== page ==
On July 9, 2016, ARLIS/NA New York members gathered at the Brooklyn Botanic Garden for a tour of the Garden’s library. Librarian Kathy Crosby greeted members in the reading room, where only a small portion of the library’s approximately 80,000 volume collection is housed.

Once the group had assembled, Crosby detailed some of the Garden and library’s history. Charles Stuart Gager, the original director of the Brooklyn Botanic Garden, was also a bibliophile and understood the importance of a well-rounded library to the study of botany. As such, Gager made a conscious effort to create and continually grow the Garden’s collection, founded in 1910, mainly through private donations.  Gager was so devoted to the library that when his son and heir died in 1918, Gager bequeathed a significant amount of money to the library.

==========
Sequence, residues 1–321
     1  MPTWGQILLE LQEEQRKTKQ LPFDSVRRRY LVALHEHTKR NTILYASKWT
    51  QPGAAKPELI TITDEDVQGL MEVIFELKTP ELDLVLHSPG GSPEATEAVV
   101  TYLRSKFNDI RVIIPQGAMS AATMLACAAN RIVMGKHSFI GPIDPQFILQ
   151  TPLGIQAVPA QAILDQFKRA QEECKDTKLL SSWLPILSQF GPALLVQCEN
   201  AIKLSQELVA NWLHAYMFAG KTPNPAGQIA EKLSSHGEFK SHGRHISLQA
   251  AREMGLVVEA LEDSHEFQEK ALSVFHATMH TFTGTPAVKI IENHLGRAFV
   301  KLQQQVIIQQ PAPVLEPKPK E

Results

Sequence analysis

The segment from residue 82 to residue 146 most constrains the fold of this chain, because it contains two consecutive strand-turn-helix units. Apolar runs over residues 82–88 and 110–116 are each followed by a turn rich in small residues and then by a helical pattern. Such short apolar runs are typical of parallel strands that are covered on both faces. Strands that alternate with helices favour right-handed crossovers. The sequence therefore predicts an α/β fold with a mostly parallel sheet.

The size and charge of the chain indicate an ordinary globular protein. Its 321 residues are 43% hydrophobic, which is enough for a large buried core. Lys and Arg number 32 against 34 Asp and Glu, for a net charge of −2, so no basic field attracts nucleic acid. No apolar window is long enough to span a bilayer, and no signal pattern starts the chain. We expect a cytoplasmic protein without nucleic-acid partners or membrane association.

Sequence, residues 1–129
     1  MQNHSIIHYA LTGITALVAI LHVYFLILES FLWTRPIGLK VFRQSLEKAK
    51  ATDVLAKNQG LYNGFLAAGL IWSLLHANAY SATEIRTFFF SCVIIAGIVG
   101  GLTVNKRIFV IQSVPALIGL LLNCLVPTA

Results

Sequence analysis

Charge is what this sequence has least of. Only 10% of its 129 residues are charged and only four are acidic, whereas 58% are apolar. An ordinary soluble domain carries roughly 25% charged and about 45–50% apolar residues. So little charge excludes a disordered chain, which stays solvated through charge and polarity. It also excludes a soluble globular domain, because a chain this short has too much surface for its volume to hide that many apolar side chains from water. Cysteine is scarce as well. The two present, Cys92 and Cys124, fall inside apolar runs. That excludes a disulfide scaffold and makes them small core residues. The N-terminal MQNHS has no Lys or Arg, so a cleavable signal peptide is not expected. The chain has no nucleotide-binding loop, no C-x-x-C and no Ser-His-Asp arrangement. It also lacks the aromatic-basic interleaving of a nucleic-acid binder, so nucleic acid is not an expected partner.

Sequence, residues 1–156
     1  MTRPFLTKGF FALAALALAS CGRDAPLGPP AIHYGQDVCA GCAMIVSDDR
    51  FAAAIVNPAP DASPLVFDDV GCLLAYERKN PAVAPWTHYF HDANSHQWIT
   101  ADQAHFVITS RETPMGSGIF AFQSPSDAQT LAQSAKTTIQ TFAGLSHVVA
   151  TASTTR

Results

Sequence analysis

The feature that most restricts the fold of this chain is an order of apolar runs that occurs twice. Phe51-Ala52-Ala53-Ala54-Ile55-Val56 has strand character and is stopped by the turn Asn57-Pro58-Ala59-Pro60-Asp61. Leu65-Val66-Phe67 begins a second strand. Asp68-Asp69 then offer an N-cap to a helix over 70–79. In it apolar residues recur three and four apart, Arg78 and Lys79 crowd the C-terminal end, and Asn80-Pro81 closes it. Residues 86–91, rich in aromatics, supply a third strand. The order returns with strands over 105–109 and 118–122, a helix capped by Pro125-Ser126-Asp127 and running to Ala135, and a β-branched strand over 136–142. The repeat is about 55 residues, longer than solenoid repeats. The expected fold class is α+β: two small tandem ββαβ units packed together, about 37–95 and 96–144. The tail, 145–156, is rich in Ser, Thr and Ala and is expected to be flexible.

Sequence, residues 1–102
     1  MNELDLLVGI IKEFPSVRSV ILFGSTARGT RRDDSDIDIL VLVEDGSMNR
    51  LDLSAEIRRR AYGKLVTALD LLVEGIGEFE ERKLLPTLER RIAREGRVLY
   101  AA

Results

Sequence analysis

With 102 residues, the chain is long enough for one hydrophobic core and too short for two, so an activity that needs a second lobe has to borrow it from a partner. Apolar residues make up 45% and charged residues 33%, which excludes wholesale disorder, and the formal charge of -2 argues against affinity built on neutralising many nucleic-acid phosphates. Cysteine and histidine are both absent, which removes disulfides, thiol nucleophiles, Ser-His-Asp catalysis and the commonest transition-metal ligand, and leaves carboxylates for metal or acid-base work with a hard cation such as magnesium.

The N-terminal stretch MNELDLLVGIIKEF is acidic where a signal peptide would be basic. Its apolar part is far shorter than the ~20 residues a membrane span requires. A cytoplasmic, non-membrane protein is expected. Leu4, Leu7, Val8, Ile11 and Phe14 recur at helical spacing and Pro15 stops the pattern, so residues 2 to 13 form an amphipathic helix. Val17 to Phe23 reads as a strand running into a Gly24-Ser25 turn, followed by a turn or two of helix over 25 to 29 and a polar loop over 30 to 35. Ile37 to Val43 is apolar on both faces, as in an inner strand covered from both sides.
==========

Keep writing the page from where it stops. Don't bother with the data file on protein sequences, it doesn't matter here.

Members were then shown some highlights from the library’s rare book collection, including a medical text from 1542 by Leonhart Fuchs, Christoph Jacob Trew’s Plantae selectae quarum imagines ad exemplaria naturalia Londini, in hortis curiosorum nutrita from 1773, and the Banks' Florilegium, beautiful color engravings based on sketches created during Captain Cook's travels between 1758 and 1761. The Banks Florilegium is particularly interesting as the engraved plates sat in the British Museum until the 1980s and 1990s, when they were rediscovered and subsequently published by Electo Publishers in stunning color.  

The library circulates non-rare books to members and to those taking classes in the Botanical Garden, but the library is open to everyone Tuesday through Friday, from 10am to 4:30pm, and on Wednesdays until 8pm.

Pictures from our trip are available on ARLIS/NA New York’s Facebook page.

 

Paula Gabbard, Fine Arts Librarian, Avery Library, Columbia University

and

Arielle Cohen, Librarian, Gagosian Gallery